Thursday, June 06, 2013

Why should Pride be respectable?

Every year about this time, the same sort of debate arises about the evils of Pride. See, for instance, Patrick Range McDonald's takedown of LA Pride. 
There are those who see Pride as outmoded, as childish, as a celebration of all that is wrong with the gay world—and it is mostly about what is wrong with gay men, there is little worry about Dykes on Bikes. It's go-go boys and muscle queens (and drag queens) drinking and drugging and grinding up on one another. It's immature and sexualized and—American puritanism being what it is—sinful and shameful.
The other half, an old high school buddy, and the author at last year's Pride.
It should be, they say, a celebration of all our heroes. The piece above picks out Bayard Rustin, Ludwig Wittgenstein, and others. It leaves out good old Alan Turing, maybe because he was proud of the sex part of his sexuality. We should come together to reflect and share and work towards equality. In short, Pride should be both a political event and an opportunity to put our best face forward.
Of course, much of this discourse directly parallels that of the people who show up at Pride events to protest against the evil, slutty gays. It often goes further to say that we end up being treated as degenerates because of how degenerate we are. No one ever seems to see that this is the "if she didn't want to be raped she shouldn't have dressed that way" argument. So, it seems that when I get called "faggot" because I am walking the dog with my partner, I should blame Pride events. 
If only we were more respectable, we would be more respected. Thus it always is with minorities; we are supposed to make ourselves presentable to others, so they won't beat us up or fire us. But, why? There's a lot to celebrate in gay history—sometimes I think less in the gay present, but I am a curmudgeon—composers, authors, artists, philosophers, scientists, adventurers, the founder of Boy Scouting, ....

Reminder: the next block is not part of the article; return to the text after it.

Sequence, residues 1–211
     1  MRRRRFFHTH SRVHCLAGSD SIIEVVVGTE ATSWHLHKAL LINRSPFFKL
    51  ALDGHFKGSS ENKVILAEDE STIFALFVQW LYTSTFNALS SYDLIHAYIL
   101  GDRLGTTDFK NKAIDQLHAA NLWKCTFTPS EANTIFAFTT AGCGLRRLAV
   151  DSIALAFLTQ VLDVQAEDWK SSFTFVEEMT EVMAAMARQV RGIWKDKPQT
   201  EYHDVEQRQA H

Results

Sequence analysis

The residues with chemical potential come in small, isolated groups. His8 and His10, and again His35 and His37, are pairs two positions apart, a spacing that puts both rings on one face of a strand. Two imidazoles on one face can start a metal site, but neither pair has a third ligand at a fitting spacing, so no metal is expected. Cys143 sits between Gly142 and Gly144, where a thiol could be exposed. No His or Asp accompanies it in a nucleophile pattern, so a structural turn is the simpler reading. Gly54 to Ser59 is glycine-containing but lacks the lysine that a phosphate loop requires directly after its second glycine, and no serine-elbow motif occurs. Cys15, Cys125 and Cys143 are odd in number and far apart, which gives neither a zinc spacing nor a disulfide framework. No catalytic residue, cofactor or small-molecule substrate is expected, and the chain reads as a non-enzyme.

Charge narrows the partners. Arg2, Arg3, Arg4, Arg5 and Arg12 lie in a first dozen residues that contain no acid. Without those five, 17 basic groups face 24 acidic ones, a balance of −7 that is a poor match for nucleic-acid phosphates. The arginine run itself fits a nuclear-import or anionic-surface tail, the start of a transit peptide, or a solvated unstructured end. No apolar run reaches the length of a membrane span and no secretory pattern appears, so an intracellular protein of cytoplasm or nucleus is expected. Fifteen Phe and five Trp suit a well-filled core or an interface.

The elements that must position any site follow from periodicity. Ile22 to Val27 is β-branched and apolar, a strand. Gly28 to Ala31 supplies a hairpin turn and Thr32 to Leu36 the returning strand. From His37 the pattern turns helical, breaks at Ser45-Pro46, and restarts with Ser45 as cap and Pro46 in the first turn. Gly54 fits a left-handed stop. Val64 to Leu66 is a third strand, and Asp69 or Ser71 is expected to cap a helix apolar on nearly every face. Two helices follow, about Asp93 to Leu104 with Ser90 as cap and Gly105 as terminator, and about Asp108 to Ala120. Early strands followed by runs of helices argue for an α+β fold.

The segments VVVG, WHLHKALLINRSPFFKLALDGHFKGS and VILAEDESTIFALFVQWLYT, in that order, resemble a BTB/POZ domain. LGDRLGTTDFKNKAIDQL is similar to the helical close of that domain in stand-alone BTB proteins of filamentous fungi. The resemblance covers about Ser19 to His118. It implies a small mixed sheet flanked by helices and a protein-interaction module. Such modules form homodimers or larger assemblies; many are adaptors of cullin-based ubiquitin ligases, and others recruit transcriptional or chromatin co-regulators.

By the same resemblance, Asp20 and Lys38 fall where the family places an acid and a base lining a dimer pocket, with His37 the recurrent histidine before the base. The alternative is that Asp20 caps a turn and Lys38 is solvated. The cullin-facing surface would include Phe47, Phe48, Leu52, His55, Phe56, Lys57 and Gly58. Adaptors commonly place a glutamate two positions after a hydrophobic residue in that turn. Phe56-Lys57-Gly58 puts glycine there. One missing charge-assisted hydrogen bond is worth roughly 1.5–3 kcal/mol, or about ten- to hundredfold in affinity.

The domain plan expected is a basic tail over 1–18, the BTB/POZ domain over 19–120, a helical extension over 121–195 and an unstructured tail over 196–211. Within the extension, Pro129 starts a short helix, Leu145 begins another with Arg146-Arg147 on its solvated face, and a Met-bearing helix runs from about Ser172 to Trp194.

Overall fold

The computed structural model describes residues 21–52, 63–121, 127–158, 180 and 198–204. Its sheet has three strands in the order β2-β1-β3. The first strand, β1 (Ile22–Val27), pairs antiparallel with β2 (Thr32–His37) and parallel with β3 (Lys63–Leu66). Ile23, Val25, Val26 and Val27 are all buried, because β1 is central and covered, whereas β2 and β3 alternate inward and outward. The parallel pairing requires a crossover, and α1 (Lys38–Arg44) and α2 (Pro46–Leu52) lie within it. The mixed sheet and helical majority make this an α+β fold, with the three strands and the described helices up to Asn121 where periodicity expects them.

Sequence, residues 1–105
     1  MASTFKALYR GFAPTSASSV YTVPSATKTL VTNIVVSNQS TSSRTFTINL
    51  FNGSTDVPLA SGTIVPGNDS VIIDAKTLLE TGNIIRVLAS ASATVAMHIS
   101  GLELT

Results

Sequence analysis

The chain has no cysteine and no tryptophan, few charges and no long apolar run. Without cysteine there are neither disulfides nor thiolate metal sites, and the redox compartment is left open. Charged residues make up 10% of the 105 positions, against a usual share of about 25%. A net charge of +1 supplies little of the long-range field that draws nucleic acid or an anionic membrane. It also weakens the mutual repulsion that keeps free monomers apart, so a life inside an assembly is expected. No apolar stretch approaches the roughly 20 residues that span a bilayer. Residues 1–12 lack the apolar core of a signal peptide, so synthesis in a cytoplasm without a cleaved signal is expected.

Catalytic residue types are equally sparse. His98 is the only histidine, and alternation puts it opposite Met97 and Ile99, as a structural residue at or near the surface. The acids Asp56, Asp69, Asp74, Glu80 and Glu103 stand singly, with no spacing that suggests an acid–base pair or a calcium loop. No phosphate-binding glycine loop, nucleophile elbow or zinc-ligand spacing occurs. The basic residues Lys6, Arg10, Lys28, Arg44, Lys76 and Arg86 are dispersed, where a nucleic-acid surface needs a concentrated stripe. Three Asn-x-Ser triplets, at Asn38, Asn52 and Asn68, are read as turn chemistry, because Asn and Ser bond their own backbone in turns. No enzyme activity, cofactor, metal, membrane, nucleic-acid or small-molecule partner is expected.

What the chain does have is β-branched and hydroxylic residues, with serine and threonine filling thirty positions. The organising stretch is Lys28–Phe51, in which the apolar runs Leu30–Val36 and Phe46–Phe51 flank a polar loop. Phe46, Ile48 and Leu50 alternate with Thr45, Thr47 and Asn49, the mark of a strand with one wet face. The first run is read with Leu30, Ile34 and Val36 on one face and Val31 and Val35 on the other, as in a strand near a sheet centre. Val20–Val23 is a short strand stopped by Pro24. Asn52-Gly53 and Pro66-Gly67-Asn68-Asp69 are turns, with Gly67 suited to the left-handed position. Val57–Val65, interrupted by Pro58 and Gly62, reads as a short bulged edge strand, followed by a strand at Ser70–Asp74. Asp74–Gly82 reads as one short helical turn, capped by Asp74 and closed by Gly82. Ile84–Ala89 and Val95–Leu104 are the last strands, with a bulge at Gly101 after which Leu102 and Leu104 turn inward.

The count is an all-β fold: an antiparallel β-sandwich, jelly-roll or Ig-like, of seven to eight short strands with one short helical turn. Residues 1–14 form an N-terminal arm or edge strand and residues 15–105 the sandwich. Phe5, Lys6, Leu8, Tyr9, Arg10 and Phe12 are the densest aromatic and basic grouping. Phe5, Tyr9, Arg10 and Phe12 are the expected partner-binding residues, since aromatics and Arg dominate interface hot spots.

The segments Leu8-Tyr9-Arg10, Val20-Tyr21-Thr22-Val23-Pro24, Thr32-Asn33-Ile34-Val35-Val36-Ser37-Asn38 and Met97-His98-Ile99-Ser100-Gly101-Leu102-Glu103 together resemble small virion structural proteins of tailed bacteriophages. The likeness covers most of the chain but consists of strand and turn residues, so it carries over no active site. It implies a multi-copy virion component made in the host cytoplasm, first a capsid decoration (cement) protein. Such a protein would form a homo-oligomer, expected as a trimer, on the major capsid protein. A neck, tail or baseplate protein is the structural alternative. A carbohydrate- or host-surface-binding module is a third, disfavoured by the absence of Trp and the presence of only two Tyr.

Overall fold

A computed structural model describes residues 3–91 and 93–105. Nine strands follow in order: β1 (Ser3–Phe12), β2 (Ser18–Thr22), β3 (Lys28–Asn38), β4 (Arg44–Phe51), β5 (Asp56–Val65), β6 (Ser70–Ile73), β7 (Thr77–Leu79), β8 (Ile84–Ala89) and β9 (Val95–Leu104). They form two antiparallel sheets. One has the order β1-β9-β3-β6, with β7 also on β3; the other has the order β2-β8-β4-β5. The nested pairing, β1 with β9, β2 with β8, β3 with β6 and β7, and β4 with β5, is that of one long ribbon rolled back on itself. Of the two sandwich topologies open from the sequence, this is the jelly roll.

But that isn't what Pride is primarily about (and it hasn't been for a long time). Pride is a party. It might not be the kind of party everyone wants to attend, but it's still a party. And, it's a party for the community, not for others. I don't get a say in what goes on in other cultural celebrations; they don't get a say in what goes on in mine. It isn't about them (or equality or other political goals), it's about us. 
And, it is about a bunch of drag queens and hustlers and old queens who wanted to be allowed to drink and grind and whatever in a bar in New York many years ago. That is, about some people who wanted to be allowed to be perverts. 
There is plenty of time to be rational and political and attend whatever HRC or homocon event you want to. This is time to leave Apollo and get a little Dionysian. 

If you want to argue that Pride has been co-opted by corporate America and that is a bad thing, you will get a sympathetic hearing from me. Just don't tell me that it has to be something the Cleavers would have found wholesome and edifying.

1 comment:

Unknown said...

Great post. I just wrote a post about his negative Pride article too.